Android devices generally arrive bragging about their high-powered processors and massive screens, but what if you want a more stripped-down handset? In fact, what if you don't want a smart phone at all but still like to play with all the apps available in the Google Play store?
Enter the Galaxy S WiFi 4.2 -- Samsung's updated take on the iPod touch. Aping what the touch does for the iPhone, the S WiFi takes all the features of higher-end Android phones like the Galaxy S2 and rips out the phone part, leaving you with a device aimed squarely at playing apps, checking emails and browsing the web.
It's not for those of you who already own a decent Android phone -- you'll already have all the apps and games you want. It's geared towards those who prefer to carry around a simple phone during the day and then chill with Android features on their WiFi connection at home in the evening.
With a low-powered 1GHz processor beneath a 4.3-inch screen, is it worth the £180 price tag?
Design and build quality
If you didn't already know otherwise, you'd be forgiven for thinking that the S WiFi is another phone in Samsung's ever-increasing line-up of Galaxy blowers. At 124mm long and 66mm wide, it's almost exactly the same size as the Galaxy S2, undercutting it by a mere 0.1mm. You'll have no trouble sliding it into those skinny jeans then.
The front of the device is dominated by the 4.2-inch screen with the Samsung logo at the top. A physical home button slumbers below. The button is small and sits almost flush with the glass front, although it has a subtle silver edge that makes it stand out enough to be recognised. It's easy to press and doesn't feel weak and flimsy like some home buttons. I have no concerns that it'll give up the ghost after a few hundred presses.
Around the edge is a chrome-effect band that adds an attractive premium feel. If it were entirely white it would almost certainly look very cheap and plasticky so the metal is a welcome addition.
There are two speaker grilles set into the top and bottom. The speakers aren't much to speak of. They're a tad louder than some phones but you'll want to use good headphones if you plan to listen to music and don't want everyone around you wishing you ill-health. If you're just watching a quick YouTube clip in your living room though, they're fine.
The back of the device is an entirely glossy white affair that looks a little plasticky. Like the Galaxy S2, the back case can be removed in order to change the battery. Inside is also where you'll find the microSD card slot, which will come in handy if you want to increase the rather meagre 8GB of built-in storage (a 16GB model is also available). Annoyingly, you have to remove the battery in order to change the card, so don't expect to quickly swap in a fresh card if you've filled one up with photos and videos.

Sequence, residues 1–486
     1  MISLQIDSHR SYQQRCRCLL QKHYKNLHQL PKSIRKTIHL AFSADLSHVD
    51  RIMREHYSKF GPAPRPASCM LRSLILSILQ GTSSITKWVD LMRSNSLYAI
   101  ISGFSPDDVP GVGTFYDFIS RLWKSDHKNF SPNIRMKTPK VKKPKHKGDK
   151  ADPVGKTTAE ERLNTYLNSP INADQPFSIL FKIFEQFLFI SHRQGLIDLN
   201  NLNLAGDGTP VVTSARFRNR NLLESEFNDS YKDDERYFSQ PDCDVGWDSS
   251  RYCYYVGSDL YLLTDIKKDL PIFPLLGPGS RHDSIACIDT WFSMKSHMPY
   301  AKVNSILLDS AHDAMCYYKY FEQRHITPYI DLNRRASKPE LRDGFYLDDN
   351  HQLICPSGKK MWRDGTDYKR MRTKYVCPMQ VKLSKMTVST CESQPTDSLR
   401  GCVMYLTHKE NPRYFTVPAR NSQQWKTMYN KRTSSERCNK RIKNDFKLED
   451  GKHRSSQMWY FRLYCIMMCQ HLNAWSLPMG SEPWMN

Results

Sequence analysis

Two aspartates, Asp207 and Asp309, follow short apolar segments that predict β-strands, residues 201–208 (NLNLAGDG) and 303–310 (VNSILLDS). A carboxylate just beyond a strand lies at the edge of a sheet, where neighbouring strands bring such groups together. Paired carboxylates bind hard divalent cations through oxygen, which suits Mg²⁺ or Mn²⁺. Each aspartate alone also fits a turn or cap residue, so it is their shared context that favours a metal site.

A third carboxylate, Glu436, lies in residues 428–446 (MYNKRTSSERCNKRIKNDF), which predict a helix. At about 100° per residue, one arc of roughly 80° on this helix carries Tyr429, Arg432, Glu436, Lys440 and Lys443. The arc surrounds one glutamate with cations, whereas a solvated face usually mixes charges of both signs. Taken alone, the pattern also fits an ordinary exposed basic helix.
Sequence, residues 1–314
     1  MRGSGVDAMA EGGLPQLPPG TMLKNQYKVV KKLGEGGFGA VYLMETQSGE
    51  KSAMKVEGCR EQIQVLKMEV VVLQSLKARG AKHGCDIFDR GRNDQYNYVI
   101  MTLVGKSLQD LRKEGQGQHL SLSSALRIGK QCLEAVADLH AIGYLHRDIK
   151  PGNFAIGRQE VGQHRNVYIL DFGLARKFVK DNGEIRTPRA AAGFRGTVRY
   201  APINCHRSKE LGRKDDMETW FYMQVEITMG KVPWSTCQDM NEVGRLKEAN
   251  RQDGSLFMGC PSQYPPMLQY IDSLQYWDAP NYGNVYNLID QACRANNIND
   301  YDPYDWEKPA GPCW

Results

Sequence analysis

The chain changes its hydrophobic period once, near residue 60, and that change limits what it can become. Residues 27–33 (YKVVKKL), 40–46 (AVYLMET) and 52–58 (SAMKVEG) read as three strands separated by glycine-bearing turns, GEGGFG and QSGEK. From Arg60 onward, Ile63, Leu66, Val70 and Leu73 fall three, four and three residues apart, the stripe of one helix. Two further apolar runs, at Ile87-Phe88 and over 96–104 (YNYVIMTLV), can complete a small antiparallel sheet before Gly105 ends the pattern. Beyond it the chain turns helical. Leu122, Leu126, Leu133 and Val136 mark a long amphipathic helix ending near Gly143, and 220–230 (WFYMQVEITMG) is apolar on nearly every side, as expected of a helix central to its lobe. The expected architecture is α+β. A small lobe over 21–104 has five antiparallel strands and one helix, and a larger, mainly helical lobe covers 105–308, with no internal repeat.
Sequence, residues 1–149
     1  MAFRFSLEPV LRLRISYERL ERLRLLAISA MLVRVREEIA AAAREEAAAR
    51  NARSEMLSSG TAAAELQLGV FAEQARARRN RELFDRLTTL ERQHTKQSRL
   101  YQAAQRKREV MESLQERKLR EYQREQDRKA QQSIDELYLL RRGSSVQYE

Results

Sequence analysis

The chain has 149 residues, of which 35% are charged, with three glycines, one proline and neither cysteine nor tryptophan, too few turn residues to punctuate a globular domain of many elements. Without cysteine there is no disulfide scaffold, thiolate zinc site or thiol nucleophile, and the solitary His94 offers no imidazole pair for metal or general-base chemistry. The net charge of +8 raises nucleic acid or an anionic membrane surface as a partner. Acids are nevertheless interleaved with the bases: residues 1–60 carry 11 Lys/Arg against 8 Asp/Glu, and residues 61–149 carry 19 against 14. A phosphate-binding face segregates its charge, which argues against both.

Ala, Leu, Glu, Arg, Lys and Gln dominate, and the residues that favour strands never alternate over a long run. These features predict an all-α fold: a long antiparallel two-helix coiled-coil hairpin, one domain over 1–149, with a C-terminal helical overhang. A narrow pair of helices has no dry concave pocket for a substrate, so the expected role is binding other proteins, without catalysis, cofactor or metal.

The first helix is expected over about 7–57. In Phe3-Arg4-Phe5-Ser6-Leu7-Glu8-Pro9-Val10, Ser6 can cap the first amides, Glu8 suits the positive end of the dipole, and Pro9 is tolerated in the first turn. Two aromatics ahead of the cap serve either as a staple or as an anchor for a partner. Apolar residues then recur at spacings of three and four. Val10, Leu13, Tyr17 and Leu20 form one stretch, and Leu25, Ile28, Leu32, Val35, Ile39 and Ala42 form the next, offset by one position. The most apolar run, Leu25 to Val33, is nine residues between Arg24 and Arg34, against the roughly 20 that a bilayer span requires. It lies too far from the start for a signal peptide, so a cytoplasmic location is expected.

The back case might feel a little cheap, but the impression is it's pretty well put together. There's no flex in the chassis when you squeeze it and there are none of the unpleasant gaps in the frame that would hint at a poor construction. In my time with it, I was convinced it could put up with a few knocks -- just don't spill anything on that crisp white jacket.
There's a 480x640-pixel front-facing camera for making video calls, and on the back is a 2-megapixel
camera. While that offers more pixels than some very low-end Android
devices, it's not going to satisfy the truly dedicated shutterbugs --
especially as there's no LED flash. If you really want to capture the
world in all its glory on your 'droid, you should look towards the
Galaxy S3, HTC One X or Sony Xperia S -- we've even done a lovely
comparison of them for you.
The screen on the S WiFi measures 4.2 inches on the diagonal, which is a touch smaller than the 4.3 inches of the Galaxy S2. If you're used to the S2, it's unlikely you'd notice such a small difference. But if you tend to have your hand wrapped around goliaths like the Galaxy S3 or the HTC One X, you might find it lacking -- although if you owned those, you probably wouldn't need one anyway.
It's a WVGA display, meaning it has a resolution of 800x480 pixels, which is the same as the S2. Given the S WiFi's slightly smaller size, it has a higher pixel density than the S2, but I don't think you'd ever tell the difference, no matter how long you stared at them.
The iPod touch offers a resolution of 960x640 pixels on a smaller 3.5-inch screen. So in terms of sheer clarity, the iPod wins, hands down. Of course, the iPod's screen is smaller and it's more expensive. So if you want more screen space for your apps and a few quid left in your pocket, the Samsung might be your thing.
It's a regular TFT display, rather than the Super AMOLED Plus screen found on the S2, so it's not as bright or as vivid. Compared to most screens, it's not bad at all though, and I personally prefer the more natural colour balance over the often over-saturated look of the S2. I found it perfectly pleasant for watching YouTube clips and playing colourful games like Angry Birds, which is, of course, exactly what it's designed for.
The S WiFi runs on Google's Android 2.3 Gingerbread operating system, which is the older version designed specifically for mobile phones. Gingerbread has been replaced by the more recent Android 4.0 Ice Cream Sandwich, which brings various interface tweaks and features such as facial recognition unlocking and new camera controls.